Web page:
Could a More Individualistic World Also Be a More Altruistic One?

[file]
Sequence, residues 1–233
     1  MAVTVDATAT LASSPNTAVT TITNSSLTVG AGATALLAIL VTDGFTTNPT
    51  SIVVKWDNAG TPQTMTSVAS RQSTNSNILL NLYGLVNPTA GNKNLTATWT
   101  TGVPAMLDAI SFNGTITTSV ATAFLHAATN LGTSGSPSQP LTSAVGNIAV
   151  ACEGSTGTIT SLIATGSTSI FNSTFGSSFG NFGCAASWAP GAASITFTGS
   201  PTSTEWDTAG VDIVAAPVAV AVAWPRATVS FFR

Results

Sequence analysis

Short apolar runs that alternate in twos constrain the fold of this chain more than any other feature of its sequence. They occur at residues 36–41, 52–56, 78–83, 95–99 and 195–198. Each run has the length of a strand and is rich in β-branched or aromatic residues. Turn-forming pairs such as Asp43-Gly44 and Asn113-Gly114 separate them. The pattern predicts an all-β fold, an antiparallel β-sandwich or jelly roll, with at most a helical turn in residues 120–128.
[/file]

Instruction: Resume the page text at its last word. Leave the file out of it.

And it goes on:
Abigail Marsh: The key to understanding the link between individualism and generosity may be that the World Giving Index measures generosity for strangers. Members of collectivist cultures do very much value generosity and giving — but primarily toward family and members of other close-knit groups. In China, for example (140th on the World Giving Index — last place), traditional Confucian teachings emphasize the value of generosity, but with a focus on benefiting close family members and friends. A focus on group bonds requires that members of collectivist cultures draw distinctions between group members whose welfare, goals, and identities are deeply interdependent — and everyone else. And less value is placed on the welfare of everyone else. This is the unfortunate, and perhaps inevitable, downside of maintaining strong group bonds and identities. Decades of psychology research reliably find that dividing people into defined groups causes them to treat members of other groups worse.

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